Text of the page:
Who can forget the climax of the great film "The Wizard of Oz", when Dorothy and her companions realize they'd been hoodwinked: The "Great and Powerful Oz" turns out to be an ordinary little man, until then concealed behind a curtain and using mechanisms to animate what turned out to be nothing. We as PC gamers have seen an analog in some recent games: Homefront and Brink spring to mind. Both hyped up as "the next big thing", both turned out to be largely turdelicious, and are effectively dead games scant months after their release.
Prime examples of hype meeting reality. I shared the skepticism of many at the marketing of these two games, and even with low expectations, shared the disappointment of many in what was delivered.
Now, clearly, like or dislike of a game is a personal thing. Opinions should be expected to differ. There will always be outliers of both in the overall appeal of a game. Technical objectivism aside (e.g. incredible visuals, realistic AI, realistic sound, etc.), some may find delight in another's bomb of a game. I can think of one myself: I found Frontlines: Fuel of War to be an enjoyable single-player game. No world beater, but my experience was better than I expected, by a good margin, than what I would have thought based on critical and gamer reviews.
In that vein, the subject of one of my recent entries (I) Don't Believe the Hype, Red Orchestra: Heroes of Stalingrad, will very likely have great appeal to some gamers. Certainly it will, if only through cognitive dissonance, to the Red Orchestra brand faithful.
Nonetheless, that entry seems to have hit a nerve. Comments (all but one particularly obnoxious one published at the time of this entry) lean toward support of the entry, or neutrality. The expected ad hominem or two is of course sprinkled in.
Sadly, perhaps the most interesting discussion at this time of the entry, to be found in the TWI forums, cannot reliably be used to judge the response from gamers. Even adjusting for the expected bias by forum posters there (no indictment intended or implied - one should expect a bias toward a game franchise in the game's forums), the rank censorship going on clouds the view. Posts positive toward the entry are generally summarily deleted, with threats of bans bantered about, while those negative are generally left to stand. Insults and ad hominem toward those not toeing the line are treated similarly compared to those foaming at the mouth with glowing statements. Same in the Steam forums by TWI appointed moderators. Laughable, were it not for the chilling effect it has on open discussion.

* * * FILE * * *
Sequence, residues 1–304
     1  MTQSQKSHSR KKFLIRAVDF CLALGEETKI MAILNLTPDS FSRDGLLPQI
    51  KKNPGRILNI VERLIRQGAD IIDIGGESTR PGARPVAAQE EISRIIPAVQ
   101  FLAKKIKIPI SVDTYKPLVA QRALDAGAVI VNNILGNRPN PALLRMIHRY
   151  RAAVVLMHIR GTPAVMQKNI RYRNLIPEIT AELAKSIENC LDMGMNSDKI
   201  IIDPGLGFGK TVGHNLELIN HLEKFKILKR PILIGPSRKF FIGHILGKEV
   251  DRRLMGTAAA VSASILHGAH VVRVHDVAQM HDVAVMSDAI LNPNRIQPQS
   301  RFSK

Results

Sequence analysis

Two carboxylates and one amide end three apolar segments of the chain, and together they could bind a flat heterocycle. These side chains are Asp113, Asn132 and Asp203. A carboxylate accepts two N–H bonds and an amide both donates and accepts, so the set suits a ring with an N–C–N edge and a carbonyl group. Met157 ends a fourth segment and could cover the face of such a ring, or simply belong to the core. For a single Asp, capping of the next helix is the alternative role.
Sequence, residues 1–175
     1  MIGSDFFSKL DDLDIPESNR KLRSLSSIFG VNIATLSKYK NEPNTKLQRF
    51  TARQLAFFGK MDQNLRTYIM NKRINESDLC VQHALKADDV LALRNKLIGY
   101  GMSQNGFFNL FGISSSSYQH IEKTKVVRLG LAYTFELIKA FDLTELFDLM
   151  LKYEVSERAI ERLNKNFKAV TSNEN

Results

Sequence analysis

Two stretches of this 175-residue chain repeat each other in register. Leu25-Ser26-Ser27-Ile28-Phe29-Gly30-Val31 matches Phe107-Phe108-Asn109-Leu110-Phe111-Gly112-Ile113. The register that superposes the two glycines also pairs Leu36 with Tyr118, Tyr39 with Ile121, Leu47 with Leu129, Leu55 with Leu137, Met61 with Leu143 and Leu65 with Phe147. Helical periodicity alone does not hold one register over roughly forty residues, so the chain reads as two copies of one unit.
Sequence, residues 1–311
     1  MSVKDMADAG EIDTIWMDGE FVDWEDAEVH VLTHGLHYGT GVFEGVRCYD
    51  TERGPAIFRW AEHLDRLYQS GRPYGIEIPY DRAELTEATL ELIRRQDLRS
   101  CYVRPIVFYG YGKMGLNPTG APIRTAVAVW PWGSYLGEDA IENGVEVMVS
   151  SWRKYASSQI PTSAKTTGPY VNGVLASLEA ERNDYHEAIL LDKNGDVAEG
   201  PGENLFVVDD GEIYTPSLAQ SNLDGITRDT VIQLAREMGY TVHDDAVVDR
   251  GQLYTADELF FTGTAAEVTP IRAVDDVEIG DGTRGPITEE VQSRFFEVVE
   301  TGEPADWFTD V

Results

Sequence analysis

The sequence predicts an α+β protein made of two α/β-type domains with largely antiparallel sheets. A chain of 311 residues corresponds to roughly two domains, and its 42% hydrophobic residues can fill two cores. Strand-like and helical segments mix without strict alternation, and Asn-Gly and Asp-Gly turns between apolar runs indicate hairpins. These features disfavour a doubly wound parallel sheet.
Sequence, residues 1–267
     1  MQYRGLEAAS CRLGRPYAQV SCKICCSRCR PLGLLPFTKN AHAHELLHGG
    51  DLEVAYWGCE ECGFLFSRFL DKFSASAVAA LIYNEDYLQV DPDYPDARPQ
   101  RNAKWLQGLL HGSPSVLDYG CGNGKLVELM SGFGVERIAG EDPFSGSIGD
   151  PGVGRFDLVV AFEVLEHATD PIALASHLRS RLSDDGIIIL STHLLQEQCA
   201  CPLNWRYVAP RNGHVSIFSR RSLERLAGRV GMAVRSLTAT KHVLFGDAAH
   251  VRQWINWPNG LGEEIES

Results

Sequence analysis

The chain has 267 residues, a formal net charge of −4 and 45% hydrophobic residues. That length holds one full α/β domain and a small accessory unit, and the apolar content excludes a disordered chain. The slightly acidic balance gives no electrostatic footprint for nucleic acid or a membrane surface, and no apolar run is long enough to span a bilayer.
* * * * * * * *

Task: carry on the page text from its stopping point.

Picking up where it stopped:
It does remind one of the movie scene. The curtain has been pulled back. The reaction of the Great and Powerful Oz is most telling.
I've been apprised of veiled threats against some beta testers for allegedly "leaking" information. Well, at least if this is happening it is information, and more than the developer themselves seem to offer the community and other potential purchasers of the game. I have been quite clear with persons I know that are in the game's beta to not reveal anything violating their NDA to me (unenforceable as it is - TWI might want to invest in proper legal counsel next time, and use care in post NDA statements to participants), and as far as I can tell, no one has violated any part of their agreement, certainly not in any actionable manner.
Perhaps if the pulling back of the curtain had revealed something appealing, such caustic reactions would not have ensued. I have no plans to purchase the game on release, as I've already stated. I will, however, be happy to respond to the many requests for a full review if at least one of the local gaming group does buy the game. Despite my distaste for much of the community shared by others, and the apparent hyperbolic marketing of the game, I won't let that get in the way of an objective review. I am always willing to take a new look, and learn new things, when it comes to games.
Case in point: Had you asked me a month ago my thoughts on ARMA II, I would have been dismissive. My only experience was with the "single player" mode of the game. Quoted for a reason: to call it such is a gross misnomer. It is more like a sandbox to familiarize oneself with the mechanics of the game. Nothing more. As a game "mode", it is horrible. Pulled kicking and screaming into the multiplayer mode, my eyes have been opened. While the game certainly has its quirks and bugs, its verisimilitude can at times be strikingly effective in its immersion. The "add-ons" and mod community provide bits and pieces that allow the game to become more than the sum of its parts, and to me represent the finest example of a "moddable" game I've yet played.
I'm not nearly deep enough into this very deep game to do it justice in (an already requested) review. When I feel like I have enough measure of the game, I will write one.